Assassination nation: Are there any limits on President Obama's license to kill?
The US government has admitted that it has added the names of other Americans to a list for targeted killing. The American Civil Liberties Union sued last year to compel the government “to disclose the legal standard it uses to place US citizens on government kill lists,” but was thwarted when the Obama administration claimed the entire program was a “state secret.” Last December, federal Judge John Bates dismissed the ACLU’s lawsuit because “there are circumstances in which the Executive’s unilateral decision to kill a US citizen overseas” is “judicially unreviewable.”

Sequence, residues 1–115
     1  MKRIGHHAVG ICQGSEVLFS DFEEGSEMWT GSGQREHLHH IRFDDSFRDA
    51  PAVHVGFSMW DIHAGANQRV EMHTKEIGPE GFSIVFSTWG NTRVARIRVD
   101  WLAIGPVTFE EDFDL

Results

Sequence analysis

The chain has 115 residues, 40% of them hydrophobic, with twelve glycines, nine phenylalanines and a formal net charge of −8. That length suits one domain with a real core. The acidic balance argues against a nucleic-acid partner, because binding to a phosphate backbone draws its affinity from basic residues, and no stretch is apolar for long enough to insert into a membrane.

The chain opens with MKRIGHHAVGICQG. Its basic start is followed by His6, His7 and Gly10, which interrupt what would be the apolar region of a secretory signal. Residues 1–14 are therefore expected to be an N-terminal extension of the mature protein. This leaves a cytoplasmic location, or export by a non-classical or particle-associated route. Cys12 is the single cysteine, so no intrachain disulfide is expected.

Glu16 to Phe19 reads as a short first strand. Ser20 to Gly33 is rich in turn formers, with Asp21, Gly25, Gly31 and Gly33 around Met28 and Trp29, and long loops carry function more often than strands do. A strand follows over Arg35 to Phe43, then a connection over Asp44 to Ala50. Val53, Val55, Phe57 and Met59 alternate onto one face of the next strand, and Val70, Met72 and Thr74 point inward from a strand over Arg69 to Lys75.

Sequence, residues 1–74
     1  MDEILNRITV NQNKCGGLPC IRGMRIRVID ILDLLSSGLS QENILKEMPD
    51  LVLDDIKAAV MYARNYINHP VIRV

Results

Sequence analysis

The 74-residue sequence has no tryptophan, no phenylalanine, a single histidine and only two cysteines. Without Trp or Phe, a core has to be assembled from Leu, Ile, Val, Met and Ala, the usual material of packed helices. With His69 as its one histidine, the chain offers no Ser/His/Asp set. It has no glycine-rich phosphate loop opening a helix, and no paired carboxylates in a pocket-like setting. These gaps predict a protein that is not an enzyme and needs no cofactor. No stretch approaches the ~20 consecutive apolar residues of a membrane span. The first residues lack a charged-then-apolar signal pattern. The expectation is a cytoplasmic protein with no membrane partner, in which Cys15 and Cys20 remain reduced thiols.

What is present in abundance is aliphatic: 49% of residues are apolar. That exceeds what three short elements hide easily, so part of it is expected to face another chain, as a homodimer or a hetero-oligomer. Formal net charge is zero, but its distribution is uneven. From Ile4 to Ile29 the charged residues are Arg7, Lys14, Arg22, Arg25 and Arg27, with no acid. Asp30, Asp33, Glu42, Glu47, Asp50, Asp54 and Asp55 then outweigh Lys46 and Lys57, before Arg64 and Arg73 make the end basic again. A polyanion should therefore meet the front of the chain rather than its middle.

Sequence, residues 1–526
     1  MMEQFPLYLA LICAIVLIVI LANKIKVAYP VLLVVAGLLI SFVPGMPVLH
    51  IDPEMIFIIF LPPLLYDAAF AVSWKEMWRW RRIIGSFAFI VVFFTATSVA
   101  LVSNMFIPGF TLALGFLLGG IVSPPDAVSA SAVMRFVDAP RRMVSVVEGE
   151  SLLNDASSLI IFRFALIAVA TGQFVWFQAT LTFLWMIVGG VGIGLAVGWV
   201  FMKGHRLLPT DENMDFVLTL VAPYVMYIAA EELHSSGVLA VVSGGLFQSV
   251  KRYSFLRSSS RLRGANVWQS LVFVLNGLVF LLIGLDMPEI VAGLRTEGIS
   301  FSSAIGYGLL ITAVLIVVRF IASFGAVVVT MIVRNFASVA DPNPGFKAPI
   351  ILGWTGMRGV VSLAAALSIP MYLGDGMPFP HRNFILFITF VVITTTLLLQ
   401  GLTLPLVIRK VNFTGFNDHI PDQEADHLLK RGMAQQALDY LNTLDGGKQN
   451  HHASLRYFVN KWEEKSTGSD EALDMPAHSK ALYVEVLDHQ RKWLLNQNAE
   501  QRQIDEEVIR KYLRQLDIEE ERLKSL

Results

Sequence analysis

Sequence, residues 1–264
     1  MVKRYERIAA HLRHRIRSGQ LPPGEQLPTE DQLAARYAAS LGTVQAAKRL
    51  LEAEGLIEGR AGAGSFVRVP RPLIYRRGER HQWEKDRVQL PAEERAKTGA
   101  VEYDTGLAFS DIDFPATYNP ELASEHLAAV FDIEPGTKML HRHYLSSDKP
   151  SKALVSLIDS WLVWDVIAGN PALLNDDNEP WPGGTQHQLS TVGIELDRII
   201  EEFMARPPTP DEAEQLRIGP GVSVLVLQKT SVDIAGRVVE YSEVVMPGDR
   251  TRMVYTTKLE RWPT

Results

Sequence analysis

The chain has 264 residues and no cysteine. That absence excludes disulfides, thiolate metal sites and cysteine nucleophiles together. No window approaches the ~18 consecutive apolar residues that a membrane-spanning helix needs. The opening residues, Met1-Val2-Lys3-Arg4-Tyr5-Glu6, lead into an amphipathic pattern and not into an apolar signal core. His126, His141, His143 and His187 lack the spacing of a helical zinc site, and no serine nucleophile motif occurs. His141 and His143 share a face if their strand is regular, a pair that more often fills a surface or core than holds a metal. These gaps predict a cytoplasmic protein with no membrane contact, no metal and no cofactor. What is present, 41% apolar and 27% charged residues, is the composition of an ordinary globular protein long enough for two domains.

Presidential power grabs
Unfortunately, the current assassination program is merely an extension of presidential power grabs going back into the last century. In 1998, President Clinton launched a missile strike against a Sudan pill producer after US embassies in Kenya and Tanzania were bombed. After the US government failed to offer any evidence linking its target in Sudan to the terrorist attacks, the owners of Sudan’s largest pharmaceutical factory sued for compensation for damage. In 2009, the US Court of Appeals for the District of Columbia Circuit decreed: “President Clinton, in his capacity as commander in chief, fired missiles at a target of his choosing to pursue a military objective he had determined was in the national interest. Under the Constitution, this decision is immune from judicial review.”